The Hebrews are enjoined that they “imitate the faith” of these preacher-guides, who spoke the word of God. These men were such that they had not merely an office, a work, but they also had “life”. They lived as did Paul when he speaks in II Cor. 4:8-13. They stood in the midst of the conflict, the battle of the ages against sin, unbelief and Satan with all his hellish host of demons. They were battle scarred warriors, who grew old and gray in the ministry. Their life was really a continual dying. They bore in their body the “dying of the Lord Jesus.” Such was their faith. They were hated of all men for Christ’s sake. (Matt. 10:22) But they endured to the end! They stood in the forefront of the battle. They were leader-preachers. They did not hide in the shadows, but boldly held forth the Word of life in the midst of a crooked and perverse generation. They entered the kingdom of heaven through great tribulation. But they believed the word of their Sender, Christ, “In the world ye shall have tribulation, but be of good cheer, I have overcome the world.” (John 16:33

Such was “the faith” of these men who must be remembered for their preaching. They sealed their preaching with a godly walk which had a noteworthy “end.” They died and left this world victoriously. Theirs was not the bitter and disillusioned end of all unbelievers, whose lot is in this life alone. This world, too, has its “preacher-leaders.” They have their Voltaire and their Rousseau, who both turned the world into Revolution by their teachings and writings. And their followers are legion. They wrote on Religion and Philosophy, Literature and Art and Music, People and State, Morals and Manners, the Worship of Beauty; but God was not in all their thoughts. The Christ, the Son of God, they hated and denied; and their end was destruction. Their feet were set on slippery places. They did not go into the “sanctuary” to see their own end, but kept the truth down in unrighteousness. Yes, intellectual giants these, who did not know Christ, and the word spoken by the preachers of the Word of God. They, too, have an ekbasis, an outgoing, which by contrast we may “consider.” When one reads “The Age Of Voltaire” by Will and Ariel Durant, one need consider these men no more to acquire strength in the battle of the ages. But these, who spoke the Word of God, we must consider positively. The term in the Greek is anatheoorountes. We must consider very intensely what the faithful ministers have spoken and what is recorded in the Holy Scriptures. We must do so again and again. (ana) Paul took good notice in Athens of the idolatrous religion of the Athenians. It made him deeply moved and disturbed in his soul. Thus we must study and consider the Word of those who have spoken to us the Word of God.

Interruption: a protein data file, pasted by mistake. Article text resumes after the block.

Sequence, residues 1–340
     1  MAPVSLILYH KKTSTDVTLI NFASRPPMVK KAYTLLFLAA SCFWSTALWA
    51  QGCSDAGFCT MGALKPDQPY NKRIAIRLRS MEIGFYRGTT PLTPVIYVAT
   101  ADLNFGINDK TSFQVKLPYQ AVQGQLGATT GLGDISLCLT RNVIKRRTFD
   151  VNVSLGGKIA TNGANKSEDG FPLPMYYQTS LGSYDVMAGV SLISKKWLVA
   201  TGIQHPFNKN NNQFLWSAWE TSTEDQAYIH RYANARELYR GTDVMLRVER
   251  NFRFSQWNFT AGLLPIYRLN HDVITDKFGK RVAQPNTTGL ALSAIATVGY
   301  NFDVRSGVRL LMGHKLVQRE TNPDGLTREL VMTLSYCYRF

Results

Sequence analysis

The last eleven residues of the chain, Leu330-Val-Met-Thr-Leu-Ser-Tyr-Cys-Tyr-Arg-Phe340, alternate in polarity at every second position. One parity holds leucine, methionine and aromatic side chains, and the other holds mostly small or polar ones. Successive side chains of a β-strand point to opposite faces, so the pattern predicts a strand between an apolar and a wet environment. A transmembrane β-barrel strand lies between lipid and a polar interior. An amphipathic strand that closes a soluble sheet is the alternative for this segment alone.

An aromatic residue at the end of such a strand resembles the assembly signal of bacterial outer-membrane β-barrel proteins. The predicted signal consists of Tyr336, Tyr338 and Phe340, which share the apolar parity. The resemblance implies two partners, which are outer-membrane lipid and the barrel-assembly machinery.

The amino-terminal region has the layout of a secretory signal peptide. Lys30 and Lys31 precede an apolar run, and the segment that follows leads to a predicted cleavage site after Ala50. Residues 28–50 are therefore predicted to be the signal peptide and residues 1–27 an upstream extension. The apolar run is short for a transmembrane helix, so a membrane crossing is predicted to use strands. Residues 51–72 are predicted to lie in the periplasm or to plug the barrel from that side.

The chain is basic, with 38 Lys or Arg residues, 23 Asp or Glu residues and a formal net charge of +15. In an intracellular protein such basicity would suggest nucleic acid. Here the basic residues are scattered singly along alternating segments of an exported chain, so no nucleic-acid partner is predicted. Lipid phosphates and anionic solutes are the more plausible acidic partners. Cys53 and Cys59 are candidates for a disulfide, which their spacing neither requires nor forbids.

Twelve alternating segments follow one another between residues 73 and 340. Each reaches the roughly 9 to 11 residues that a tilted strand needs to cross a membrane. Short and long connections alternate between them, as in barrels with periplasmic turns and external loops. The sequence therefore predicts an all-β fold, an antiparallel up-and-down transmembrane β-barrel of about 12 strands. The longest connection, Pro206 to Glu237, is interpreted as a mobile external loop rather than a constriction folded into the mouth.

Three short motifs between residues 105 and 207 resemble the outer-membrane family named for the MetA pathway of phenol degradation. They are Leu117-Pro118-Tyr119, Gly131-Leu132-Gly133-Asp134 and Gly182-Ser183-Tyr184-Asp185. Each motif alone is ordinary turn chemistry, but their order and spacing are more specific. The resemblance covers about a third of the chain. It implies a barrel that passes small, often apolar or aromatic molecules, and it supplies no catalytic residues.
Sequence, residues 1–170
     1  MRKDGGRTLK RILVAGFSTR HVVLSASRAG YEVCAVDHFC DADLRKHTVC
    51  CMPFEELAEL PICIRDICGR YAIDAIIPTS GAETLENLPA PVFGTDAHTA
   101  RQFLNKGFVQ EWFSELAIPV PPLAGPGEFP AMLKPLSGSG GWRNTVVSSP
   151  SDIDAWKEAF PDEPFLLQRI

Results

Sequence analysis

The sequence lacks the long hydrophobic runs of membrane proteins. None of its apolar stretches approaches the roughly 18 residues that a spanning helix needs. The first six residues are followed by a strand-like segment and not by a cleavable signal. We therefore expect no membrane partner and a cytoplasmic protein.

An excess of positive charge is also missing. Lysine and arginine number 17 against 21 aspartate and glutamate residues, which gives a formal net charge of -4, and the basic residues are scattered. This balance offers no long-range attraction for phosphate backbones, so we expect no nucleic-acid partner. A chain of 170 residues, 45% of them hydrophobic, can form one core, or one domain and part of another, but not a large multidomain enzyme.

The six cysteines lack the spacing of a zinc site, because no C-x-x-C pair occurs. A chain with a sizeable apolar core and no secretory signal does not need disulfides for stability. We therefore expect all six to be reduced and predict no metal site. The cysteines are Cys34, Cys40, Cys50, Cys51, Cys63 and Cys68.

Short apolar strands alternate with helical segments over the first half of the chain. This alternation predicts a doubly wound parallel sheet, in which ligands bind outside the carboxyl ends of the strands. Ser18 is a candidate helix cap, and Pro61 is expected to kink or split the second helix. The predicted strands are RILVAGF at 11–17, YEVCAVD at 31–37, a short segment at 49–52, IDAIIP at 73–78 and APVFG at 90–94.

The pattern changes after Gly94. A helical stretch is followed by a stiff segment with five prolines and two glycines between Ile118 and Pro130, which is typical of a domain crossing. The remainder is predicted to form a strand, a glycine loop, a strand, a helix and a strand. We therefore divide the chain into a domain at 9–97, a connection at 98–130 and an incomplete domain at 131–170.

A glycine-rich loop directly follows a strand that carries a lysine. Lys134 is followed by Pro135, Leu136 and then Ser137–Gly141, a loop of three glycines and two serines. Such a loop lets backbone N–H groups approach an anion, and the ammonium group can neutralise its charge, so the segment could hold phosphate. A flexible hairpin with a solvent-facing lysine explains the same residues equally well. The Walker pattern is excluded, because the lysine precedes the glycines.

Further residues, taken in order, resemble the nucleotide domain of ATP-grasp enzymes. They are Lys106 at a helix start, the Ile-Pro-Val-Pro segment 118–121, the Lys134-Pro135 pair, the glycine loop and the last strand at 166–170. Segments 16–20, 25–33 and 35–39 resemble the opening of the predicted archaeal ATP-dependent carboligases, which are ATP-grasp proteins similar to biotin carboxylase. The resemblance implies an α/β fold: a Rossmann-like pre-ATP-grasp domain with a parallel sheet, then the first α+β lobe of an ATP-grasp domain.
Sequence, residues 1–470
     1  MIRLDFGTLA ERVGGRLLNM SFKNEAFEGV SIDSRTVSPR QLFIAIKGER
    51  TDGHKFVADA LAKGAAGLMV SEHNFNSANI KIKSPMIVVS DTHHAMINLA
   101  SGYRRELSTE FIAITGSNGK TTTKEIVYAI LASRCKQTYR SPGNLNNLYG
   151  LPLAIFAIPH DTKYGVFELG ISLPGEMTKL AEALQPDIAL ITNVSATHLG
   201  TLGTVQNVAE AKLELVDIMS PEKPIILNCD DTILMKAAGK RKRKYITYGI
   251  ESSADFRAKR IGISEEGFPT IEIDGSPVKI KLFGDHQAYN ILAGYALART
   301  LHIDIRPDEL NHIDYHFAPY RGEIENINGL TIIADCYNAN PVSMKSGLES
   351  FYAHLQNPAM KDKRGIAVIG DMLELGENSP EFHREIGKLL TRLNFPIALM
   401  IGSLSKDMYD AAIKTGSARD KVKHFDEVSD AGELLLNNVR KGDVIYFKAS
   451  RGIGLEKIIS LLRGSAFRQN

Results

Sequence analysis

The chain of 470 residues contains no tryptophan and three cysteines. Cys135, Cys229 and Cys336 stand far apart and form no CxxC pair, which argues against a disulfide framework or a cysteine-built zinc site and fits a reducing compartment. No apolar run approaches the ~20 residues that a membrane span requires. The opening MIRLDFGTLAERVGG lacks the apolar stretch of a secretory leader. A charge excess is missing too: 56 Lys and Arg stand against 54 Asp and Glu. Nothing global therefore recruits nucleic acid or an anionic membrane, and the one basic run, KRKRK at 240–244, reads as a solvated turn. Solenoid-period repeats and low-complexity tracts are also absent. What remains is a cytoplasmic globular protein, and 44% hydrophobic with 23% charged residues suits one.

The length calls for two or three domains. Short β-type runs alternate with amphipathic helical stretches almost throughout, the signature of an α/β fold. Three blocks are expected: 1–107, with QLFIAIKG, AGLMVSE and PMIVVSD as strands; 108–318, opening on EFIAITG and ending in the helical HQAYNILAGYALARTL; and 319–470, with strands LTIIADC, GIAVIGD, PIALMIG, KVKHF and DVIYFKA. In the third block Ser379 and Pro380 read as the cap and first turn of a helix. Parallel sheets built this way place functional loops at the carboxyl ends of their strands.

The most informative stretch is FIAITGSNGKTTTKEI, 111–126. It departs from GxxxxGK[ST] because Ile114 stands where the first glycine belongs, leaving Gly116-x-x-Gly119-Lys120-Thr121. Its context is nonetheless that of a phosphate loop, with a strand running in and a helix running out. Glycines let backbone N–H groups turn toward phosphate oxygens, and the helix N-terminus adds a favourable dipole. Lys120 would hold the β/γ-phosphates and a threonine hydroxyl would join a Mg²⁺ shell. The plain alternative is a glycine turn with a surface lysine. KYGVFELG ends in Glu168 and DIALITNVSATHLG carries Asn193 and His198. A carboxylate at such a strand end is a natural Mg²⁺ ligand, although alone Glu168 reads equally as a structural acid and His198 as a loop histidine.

Those who spoke the Word of God had a glorious end of victorious faith. Does not Paul express this beautifully in II Tim. 4:6-7, where we read, “For I am ready to be offered, and the time of my departure (unloose) is at hand. I have fought a good fight, I have finished my course, I have kept the faith.” What was the end of Paul which we must now notice carefully? This: “Henceforth there is laid up for me a crown of righteousness, which the Lord, the righteous Judge, shall give me at that day: and not to me only, but to all them also that love his appearing.” Yes, take careful notice also of the victory of the deacon Stephen, who said, “Lord Jesus, receive my spirit,” and who prayed for Saul of Tarsus and others, saying, “Lord, lay not this sin to their charge,” and then “he fell asleep” in the Lord. (Acts 7:59, 60.) Who cannot but wonder at the victorious death of James, Peter and other of the Apostles. They loved not their lives unto death. 

And there have been those who have given heed to those who preached the word, and were leaders in the fray. Who can but think of that period in the Church which is called “The Heroic Age” under the fires of Nero and the Roman Caesars. We read of them in the annals of the Church’s history: Polycarp, Justin Martyr and those who were led to the lions in the Roman and Greek amphitheaters to the cry of “Christians To Lions.” Look at the end of a man as Polycarp, who confessed dying, “Eighty and six years have I served him, and He has never done me wrong; how can I blaspheme Him, my King, who has saved me? I am a Christian.” Upon this the crowd yelled, “Let him be burned.”

Thousands have died in the Inquisition at the time of the Reformation by the hand of the fire and the sword. And nothing could separate these who listened to God’s Word and remembered those “who spoke the Word of God.” They gave heed to Him who spoke from heaven and were saved. 

This is no trite saying from the writer to the Hebrews. Besides, it is a fit introduction to the truth that Jesus Christ is the same yesterday, today and forever. That makes this word so relevant to us today in the Twentieth Century. The message is ever constant and the same. The Gospel-message changes not. Hence, we, too, must take this word of admonition to heart—especially now in this year in which we speak of the Lord’s faithfulness, and use as our watch-word “God’s Covenant Faithfulness.” May it be the outcry of faith that has a good end.